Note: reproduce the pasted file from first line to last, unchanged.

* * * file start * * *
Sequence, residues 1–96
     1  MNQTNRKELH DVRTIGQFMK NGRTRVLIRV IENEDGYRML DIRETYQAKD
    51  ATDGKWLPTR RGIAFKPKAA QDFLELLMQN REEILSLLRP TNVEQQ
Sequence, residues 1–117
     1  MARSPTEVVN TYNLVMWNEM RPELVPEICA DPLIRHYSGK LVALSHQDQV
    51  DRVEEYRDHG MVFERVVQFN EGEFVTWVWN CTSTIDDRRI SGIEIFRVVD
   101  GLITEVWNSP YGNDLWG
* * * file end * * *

Sequence, residues 1–96
     1  MNQTNRKELH DVRTIGQFMK NGRTRVLIRV IENEDGYRML DIRETYQAKD
    51  ATDGKWLPTR RGIAFKPKAA QDFLELLMQN REEILSLLRP TNVEQQ
Sequence, residues 1–117
     1  MARSPTEVVN TYNLVMWNEM RPELVPEICA DPLIRHYSGK LVALSHQDQV
    51  DRVEEYRDHG MVFERVVQFN EGEFVTWVWN CTSTIDDRRI SGIEIFRVVD
   101  GLITEVWNSP YGNDLWG